Laced throughout Monkey Man is the mythology of Hanuman, a Hindu deity who is often depicted in the form of a simian. He said, “I thought he was the absolute coolest, and there are even parallels to Superman in the way he can fly, has superhuman strength and splits his chest open.

He wanted Monkey Man to be cool but also to have substance, and his character almost channels Hanuman’s quest for wisdom, strength and justice. Referred to as the kid, Patel’s hero uses violence in a violent world and while his enemies are specific in the story, they represent systemic crimes.

One is the police chief who abuses his power, the other is a businesswoman who exploits her workers and enables corruption and the third is a religious leader whose shady dealings include murder and stealing land from the most vulnerable.

The narrative is pushing towards local elections where the power of the status quo will, again, be enshrined in and enabled by law.

L to R: Director Dev Patel and Sobhita Dhulipala on the set of MONKEY MAN
Monkey Man has many striking shots. Credit: Akhirwan Nurhaidir (ewet) / Univ/Universal Pictures

If you engage with it, Monkey Man has a clear throughline of social critique of Indian politics, where Prime Minister Narendra Modi and his party have been accused of oppression, marginalisation and inciting hatred against the country’s minority communities, especially its Muslim population.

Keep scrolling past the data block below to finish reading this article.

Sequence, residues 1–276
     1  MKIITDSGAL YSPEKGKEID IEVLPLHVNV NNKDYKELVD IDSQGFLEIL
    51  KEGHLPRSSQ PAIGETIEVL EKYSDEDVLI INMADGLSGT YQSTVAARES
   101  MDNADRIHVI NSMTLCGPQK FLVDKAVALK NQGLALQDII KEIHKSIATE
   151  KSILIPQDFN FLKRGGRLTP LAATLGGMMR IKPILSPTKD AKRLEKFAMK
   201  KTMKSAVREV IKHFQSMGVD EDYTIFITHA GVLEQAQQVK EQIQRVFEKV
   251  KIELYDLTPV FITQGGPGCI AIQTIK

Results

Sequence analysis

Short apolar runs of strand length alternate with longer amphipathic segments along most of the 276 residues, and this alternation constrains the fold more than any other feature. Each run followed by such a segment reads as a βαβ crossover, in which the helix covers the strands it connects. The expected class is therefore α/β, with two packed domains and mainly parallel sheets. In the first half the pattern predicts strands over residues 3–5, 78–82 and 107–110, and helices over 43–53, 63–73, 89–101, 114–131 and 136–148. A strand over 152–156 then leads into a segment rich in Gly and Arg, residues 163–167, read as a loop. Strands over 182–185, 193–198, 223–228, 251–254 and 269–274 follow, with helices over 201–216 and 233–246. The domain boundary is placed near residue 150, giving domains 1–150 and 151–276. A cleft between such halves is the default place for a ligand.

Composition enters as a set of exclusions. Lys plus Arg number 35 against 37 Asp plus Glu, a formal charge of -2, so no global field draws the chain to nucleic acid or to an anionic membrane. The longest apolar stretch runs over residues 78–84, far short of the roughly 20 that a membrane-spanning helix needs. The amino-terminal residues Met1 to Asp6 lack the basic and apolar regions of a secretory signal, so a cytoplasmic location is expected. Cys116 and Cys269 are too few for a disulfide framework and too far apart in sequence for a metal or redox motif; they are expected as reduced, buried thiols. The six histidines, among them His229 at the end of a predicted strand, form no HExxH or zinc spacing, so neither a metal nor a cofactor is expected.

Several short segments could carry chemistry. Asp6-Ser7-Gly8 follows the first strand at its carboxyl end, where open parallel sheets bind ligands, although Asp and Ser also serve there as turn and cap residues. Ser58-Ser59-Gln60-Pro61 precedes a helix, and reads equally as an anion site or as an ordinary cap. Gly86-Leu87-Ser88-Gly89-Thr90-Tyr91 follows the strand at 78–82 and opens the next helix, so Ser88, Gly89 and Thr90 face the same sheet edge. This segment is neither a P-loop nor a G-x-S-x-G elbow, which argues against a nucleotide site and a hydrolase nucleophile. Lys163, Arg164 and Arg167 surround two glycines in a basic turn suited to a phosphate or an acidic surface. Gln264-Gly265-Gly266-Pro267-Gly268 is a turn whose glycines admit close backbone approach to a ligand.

Patel, who is a second-generation British actor of Indian heritage, said he didn’t want Monkey Man to be an “absolute lesson” in politics and history but he wanted to feed audiences something more substantial than just a gore-fest of violence.

He wants Monkey Man to have cultural and emotional relevance and hopes that if audiences are moved by it, they might search online to broaden their knowledge.

“There is so much happening in the world, and it’s happening in the West too,” he said.

“It’s the same stuff, the manipulation of religion and politics, violence against women and police brutality. All of those things we touch on in this movie.”

The combination of stylised, visceral action and heart and brains certainly connected with audiences at the SXSW festival in Austin, Texas last month where Monkey Man debuted. Patel was greeted with lines stretched three times around the block, a standing ovation and the audience award.

“People were hooting and hollering, I was pretty overwhelmed by it,” he recalled with a smile.

L to R: Director Dev Patel and Sobhita Dhulipala on the set of MONKEY MAN
Dev Patel directing Sobhita Dhulipala. Credit: Akhirwan Nurhaidir (ewet) / Univ/Universal Pictures

And it almost didn’t happen this way. The movie was originally sold to Netflix without a theatrical distribution. But then Jordan Peele (Get Out, Us, Nope) saw it and knew it had to be seen on a big screen.

His production company, Monkey Paw, bought the rights off Netflix and set it up at Universal, who will now roll it out in cinemas across the world, including in Australia where Patel has been based on-and-off for the past few years with his Adelaide-born girlfriend Tilda Cobham-Hervey.

“I was trying to birth this film and at one point, I was trying to make peace with the idea that maybe it would never see the light of day.

“It’s like that scene in Pretty Woman and Jordan is like Richard Gere, and I was turned away from this nice shop in Rodeo Drive and then Jordan gives me this black Amex card, which is Universal Pictures. And I get to go in and have this second go of things, and it’s pretty amazing.”

Monkey Man is in cinemas on April 4